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Gender is a multifaceted concept: evidence that specific life experiences differentially shape the concept of gender

Published online by Cambridge University Press:  05 May 2020

Department of Psychology, University of York
Department of Psychology, University of York
Department of Philosophy and Communication, University of Bologna
Department of Philosophy and Communication, University of Bologna
Department of Dynamic and Clinical Psychology, Sapienza University of Rome, and Institute of Cognitive Sciences and Technologies, Italian National Research Council, Rome
Address for correspondence: Claudia Mazzuca, Department of Psychology, University of York, Heslington, York, YO10 5DD, UK. e-mail:


Gender has been the focus of linguistic and psychological studies, but little is known about its conceptual representation. We investigate whether the conceptual structure of gender – as expressed in participants’ free-listing responses – varies according to gender-related experiences in line with research on conceptual flexibility. Specifically, we tested groups that varied by gender identity, sexual orientation, and gender-normativity. We found that different people stressed distinct aspects of the concept. For example, normative individuals mainly relied on a bigenderist conception (e.g., male/female; man/woman), while non-normative individuals produced more aspects related to social context (e.g., queer, fluidity, construction). At a broader level, our results support the idea that gender is a multifaceted and flexible concept, constituted by social, biological, cultural, and linguistic components. Importantly, the meaning of gender is not exhausted by the classical dichotomy opposing sex, a biological fact, with gender as its cultural counterpart. Instead, both aspects are differentially salient depending on specific life experiences.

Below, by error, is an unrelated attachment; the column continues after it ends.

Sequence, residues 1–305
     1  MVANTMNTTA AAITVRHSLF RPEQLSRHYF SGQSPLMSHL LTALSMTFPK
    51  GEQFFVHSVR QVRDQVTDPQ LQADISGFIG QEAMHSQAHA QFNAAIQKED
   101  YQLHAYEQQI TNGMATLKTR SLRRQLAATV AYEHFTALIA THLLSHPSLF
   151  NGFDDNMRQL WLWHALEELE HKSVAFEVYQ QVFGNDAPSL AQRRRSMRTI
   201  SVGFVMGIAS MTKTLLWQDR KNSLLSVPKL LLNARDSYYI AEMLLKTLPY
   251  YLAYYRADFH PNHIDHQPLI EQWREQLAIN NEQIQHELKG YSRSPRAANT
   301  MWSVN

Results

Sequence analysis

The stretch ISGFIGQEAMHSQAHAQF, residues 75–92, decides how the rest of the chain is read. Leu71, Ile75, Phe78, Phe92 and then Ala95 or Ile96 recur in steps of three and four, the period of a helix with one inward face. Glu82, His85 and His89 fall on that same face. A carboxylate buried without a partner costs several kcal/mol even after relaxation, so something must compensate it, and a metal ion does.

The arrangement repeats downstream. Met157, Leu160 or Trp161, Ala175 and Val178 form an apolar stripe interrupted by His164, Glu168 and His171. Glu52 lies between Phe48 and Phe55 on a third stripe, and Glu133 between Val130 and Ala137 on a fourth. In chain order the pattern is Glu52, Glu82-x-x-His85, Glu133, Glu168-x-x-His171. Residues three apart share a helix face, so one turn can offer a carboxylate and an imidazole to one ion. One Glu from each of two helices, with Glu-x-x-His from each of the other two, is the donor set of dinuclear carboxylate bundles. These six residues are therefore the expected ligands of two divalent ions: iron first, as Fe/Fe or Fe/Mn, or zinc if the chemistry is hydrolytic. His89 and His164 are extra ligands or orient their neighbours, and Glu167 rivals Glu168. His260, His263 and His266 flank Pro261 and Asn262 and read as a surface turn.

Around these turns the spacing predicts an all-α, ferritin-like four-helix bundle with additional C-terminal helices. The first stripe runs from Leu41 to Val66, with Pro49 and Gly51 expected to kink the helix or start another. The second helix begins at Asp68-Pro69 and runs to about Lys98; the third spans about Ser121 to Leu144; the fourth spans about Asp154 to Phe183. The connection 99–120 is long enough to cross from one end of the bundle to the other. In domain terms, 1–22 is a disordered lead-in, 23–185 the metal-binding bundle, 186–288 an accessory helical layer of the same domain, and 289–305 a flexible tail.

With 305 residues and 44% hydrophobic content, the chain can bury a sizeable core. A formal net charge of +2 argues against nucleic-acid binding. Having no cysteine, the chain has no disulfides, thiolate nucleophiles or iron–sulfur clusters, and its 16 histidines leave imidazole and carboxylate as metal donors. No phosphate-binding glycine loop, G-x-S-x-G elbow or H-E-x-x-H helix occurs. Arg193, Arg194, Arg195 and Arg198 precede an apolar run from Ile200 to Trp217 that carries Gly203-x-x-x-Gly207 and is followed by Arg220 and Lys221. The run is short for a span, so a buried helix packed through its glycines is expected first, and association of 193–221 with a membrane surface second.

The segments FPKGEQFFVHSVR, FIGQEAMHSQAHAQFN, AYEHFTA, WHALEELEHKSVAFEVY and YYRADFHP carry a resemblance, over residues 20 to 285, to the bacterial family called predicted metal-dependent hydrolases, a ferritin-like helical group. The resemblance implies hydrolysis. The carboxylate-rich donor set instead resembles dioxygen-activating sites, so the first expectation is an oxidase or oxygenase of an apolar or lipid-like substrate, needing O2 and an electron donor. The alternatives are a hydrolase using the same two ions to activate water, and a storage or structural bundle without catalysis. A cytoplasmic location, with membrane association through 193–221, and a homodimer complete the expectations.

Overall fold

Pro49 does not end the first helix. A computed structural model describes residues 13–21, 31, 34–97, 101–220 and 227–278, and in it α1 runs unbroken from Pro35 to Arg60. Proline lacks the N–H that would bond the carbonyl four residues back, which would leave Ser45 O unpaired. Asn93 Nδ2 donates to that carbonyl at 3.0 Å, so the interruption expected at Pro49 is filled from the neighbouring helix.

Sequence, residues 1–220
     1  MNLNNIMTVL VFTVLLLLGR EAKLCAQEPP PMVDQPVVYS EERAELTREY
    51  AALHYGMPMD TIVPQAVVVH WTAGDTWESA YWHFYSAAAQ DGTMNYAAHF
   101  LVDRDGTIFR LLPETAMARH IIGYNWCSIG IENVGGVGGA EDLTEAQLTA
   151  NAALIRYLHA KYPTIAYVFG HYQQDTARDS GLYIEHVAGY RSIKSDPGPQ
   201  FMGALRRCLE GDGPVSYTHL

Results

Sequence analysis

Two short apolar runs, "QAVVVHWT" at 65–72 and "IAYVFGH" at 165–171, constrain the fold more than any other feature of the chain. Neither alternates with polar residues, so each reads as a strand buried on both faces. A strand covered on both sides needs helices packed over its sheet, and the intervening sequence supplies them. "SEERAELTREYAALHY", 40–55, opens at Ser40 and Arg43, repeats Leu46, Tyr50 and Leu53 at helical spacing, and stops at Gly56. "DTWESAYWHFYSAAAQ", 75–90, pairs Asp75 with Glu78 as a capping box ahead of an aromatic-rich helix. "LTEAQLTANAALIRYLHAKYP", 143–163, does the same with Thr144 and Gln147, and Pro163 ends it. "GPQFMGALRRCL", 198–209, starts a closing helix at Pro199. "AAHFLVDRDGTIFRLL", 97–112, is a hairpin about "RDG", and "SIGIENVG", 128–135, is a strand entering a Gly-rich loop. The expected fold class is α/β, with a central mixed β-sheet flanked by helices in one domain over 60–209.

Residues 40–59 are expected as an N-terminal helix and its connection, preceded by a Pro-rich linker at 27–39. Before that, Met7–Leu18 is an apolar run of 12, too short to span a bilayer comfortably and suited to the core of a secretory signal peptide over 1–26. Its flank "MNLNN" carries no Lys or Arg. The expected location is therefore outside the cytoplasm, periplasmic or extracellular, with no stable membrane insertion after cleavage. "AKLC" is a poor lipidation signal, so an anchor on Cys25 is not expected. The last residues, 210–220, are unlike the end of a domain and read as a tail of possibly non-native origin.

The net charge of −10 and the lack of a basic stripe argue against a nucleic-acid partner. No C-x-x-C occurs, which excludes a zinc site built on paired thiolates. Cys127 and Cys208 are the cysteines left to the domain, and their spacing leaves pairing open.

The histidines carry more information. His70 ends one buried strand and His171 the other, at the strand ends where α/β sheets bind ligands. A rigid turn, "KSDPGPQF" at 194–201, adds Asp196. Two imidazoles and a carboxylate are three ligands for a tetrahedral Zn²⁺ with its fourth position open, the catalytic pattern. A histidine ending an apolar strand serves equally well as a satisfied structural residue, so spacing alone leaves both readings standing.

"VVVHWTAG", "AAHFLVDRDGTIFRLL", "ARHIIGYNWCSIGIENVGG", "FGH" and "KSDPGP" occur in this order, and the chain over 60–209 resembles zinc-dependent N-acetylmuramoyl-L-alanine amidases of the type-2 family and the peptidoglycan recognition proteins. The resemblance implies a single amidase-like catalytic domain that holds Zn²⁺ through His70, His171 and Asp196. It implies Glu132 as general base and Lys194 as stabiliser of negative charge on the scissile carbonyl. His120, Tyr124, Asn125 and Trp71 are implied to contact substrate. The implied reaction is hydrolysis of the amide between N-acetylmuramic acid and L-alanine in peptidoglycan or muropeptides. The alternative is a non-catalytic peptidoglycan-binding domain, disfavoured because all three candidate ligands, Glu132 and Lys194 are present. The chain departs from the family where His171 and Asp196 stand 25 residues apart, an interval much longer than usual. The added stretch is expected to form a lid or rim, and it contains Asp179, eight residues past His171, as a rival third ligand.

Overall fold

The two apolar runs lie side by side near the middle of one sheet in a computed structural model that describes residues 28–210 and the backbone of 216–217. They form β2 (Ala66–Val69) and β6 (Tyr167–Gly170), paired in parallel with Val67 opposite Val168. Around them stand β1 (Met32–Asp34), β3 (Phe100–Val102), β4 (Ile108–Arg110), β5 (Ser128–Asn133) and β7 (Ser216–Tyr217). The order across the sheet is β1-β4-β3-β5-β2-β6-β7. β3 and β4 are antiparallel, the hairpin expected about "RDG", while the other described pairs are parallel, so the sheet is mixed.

© UK Cognitive Linguistics Association, 2020

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Thanks to Henk van den Heuvel and Erwin Komen at the Humanities Lab, Centre for Language Studies, Radboud University, for technical support, Professor Roberto Baiocco for theoretical suggestions, and Sara De Giovanni of the Cassero LGBT Center of Bologna for help with participants recruitment. We are also grateful to the two anonymous reviewers for their insightful comments. The first author was supported by the Marco Polo program from the University of Bologna to visit Radboud University, where the first draft of this paper was written.


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